At the beginning of this school year a father referred his 11 year old son for lisping. Upon examination I noted that his frenulum was attached producing a highly defined heart shaped pattern. In other words, it was on the higher end of the scale for atta
I appreciate your knowledge and perspectives about surgical release of a tethered lingual frenum. Although I am not a fan of widespread lingual frenum surgery, I agree with you that there are some reasonable indications for the surgery. The heart-shaped configuration of a protruded tongue tip that you note is a classic sign of a short, tethered lingual frenum. The inability to effectively and efficiently sweep food from the oral vestibule is a reasonable accompanying indication for a frenectomy. The risks of post-operative problems are few and would not outweigh the potential benefit for most clients. The 11 year old boy you describe seems to be a good candidate for a lingual frenectomy.
I'm happy to read that the parents sought out a surgeon to perform the surgery rather than a general dentist or physician. The surgery would involve a lengthening procedure at the base of the tongue. A simple clipping of the frenum at this age would not be considered an effective procedure.
You also mentioned that the child's mouth is small. As you will recall, the tongue adapts to the environment in which it resides and should adjust easily at rest and in functions to the increased range of excursion provided by the surgical procedure.
I'm impressed with what you have already accomplished with this child in speech therapy. The adaptive skills that he has developed should insure a rapid improvement in speech articulation following lingual frenectomy. Nonetheless, I would encourage you to advise the child and parents that some therapy to aid the speech adaptation process may be needed following the surgery.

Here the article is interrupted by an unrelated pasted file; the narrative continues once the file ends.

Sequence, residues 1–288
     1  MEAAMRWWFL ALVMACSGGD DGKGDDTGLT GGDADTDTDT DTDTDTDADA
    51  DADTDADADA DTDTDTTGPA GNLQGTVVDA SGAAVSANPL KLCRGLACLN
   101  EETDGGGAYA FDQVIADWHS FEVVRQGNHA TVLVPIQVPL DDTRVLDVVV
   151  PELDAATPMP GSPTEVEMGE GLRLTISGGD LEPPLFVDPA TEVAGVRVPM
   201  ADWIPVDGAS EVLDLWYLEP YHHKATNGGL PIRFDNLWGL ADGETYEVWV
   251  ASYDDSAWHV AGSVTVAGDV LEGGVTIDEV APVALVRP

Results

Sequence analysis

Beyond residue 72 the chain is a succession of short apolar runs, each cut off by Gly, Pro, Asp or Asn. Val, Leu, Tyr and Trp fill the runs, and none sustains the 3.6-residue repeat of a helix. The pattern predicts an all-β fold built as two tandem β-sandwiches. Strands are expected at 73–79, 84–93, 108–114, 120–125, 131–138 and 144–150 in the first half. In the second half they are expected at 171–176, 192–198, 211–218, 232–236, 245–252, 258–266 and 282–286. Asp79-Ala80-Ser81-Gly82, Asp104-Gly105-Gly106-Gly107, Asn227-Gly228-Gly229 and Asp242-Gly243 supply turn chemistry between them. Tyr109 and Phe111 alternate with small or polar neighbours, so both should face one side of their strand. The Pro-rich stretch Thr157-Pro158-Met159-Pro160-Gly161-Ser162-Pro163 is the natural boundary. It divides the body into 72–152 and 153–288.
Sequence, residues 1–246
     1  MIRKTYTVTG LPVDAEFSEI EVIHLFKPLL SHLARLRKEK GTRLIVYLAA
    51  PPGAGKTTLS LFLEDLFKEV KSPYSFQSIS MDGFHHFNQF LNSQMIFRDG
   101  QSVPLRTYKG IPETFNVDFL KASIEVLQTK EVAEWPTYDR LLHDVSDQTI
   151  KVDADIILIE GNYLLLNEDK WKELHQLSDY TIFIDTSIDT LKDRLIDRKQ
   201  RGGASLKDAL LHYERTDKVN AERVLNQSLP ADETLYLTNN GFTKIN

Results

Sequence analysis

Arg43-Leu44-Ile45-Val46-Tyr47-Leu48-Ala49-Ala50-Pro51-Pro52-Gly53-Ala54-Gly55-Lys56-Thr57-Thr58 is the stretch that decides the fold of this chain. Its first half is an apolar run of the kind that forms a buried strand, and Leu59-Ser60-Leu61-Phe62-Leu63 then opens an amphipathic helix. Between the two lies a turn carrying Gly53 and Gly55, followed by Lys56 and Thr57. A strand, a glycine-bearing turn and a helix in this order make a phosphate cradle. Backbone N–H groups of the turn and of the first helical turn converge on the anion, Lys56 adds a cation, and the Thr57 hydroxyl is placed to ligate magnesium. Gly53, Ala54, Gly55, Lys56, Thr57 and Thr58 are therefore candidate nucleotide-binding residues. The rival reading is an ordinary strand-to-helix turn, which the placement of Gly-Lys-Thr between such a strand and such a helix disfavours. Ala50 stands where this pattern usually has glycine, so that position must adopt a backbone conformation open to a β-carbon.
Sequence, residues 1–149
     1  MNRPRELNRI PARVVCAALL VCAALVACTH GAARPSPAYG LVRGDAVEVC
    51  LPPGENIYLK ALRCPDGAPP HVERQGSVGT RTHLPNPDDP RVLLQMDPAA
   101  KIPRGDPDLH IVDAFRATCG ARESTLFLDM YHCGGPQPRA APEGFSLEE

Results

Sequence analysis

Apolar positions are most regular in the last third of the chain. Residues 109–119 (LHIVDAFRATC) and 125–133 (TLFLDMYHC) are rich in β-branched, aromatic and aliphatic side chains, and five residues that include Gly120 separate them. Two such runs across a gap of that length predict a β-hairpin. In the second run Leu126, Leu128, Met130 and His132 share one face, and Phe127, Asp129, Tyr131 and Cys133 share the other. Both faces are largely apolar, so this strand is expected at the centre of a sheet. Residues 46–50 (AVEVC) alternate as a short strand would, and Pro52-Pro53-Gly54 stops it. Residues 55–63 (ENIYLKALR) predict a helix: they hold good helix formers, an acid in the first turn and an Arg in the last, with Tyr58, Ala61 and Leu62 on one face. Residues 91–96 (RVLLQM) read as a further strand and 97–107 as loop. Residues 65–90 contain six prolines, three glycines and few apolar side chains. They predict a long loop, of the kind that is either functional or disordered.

Since the father has already consulted a surgeon and surgery is scheduled for the summer, I do not see the need for you to pursue whether your recommendation for an additional consultation with a medical speech pathologist was honored. There do not seem to be any red flags involved here. While I appreciate your concern for the welfare of this child and the benefits/risks involved, I feel confident that the surgeon involved will properly apprise this family of all possible complications. I share your hope that this child will have an uneventful post-operative course following the lingual frenectomy.
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Robert M. Mason, DMD, Ph.D. is a speech-language pathologist (CCC-ASHA Fellow), a dentist, and orthodontist. He is a Past President of the American Cleft Palate-Craniofacial Association, a professional, interdisciplinary organization specializing in problems associated with facial and oral deformities. Dr. Mason has studied and written extensively about orofacial examination, developmental problems related to the tongue, and the anatomy and physiology of the speech and hearing mechanisms. His reports have appeared in speech, dental, medical, and plastic surgical journals and texts. He is considered to be an expert in tongue thrusting, tongue tie, and other problems related to tongue functions and speech.